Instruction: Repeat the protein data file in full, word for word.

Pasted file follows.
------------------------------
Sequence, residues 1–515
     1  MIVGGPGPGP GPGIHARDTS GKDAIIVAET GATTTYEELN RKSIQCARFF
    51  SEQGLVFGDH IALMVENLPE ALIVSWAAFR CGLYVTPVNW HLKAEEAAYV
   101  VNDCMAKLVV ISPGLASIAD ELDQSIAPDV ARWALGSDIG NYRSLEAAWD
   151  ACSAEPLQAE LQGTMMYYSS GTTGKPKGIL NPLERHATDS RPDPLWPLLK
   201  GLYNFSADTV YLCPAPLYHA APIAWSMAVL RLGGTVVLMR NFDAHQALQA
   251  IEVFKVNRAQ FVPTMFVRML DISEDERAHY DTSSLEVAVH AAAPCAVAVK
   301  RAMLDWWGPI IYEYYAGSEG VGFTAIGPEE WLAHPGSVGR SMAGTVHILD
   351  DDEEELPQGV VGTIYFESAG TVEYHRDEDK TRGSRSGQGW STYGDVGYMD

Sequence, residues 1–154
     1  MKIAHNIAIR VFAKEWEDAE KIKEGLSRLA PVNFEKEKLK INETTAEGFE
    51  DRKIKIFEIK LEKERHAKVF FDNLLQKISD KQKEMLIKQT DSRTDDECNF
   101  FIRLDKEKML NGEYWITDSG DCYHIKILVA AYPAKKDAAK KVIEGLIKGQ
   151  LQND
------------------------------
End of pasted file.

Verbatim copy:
Sequence, residues 1–515
     1  MIVGGPGPGP GPGIHARDTS GKDAIIVAET GATTTYEELN RKSIQCARFF
    51  SEQGLVFGDH IALMVENLPE ALIVSWAAFR CGLYVTPVNW HLKAEEAAYV
   101  VNDCMAKLVV ISPGLASIAD ELDQSIAPDV ARWALGSDIG NYRSLEAAWD
   151  ACSAEPLQAE LQGTMMYYSS GTTGKPKGIL NPLERHATDS RPDPLWPLLK
   201  GLYNFSADTV YLCPAPLYHA APIAWSMAVL RLGGTVVLMR NFDAHQALQA
   251  IEVFKVNRAQ FVPTMFVRML DISEDERAHY DTSSLEVAVH AAAPCAVAVK
   301  RAMLDWWGPI IYEYYAGSEG VGFTAIGPEE WLAHPGSVGR SMAGTVHILD
   351  DDEEELPQGV VGTIYFESAG TVEYHRDEDK TRGSRSGQGW STYGDVGYMD

Sequence, residues 1–154
     1  MKIAHNIAIR VFAKEWEDAE KIKEGLSRLA PVNFEKEKLK INETTAEGFE
    51  DRKIKIFEIK LEKERHAKVF FDNLLQKISD KQKEMLIKQT DSRTDDECNF
   101  FIRLDKEKML NGEYWITDSG DCYHIKILVA AYPAKKDAAK KVIEGLIKGQ
   151  LQND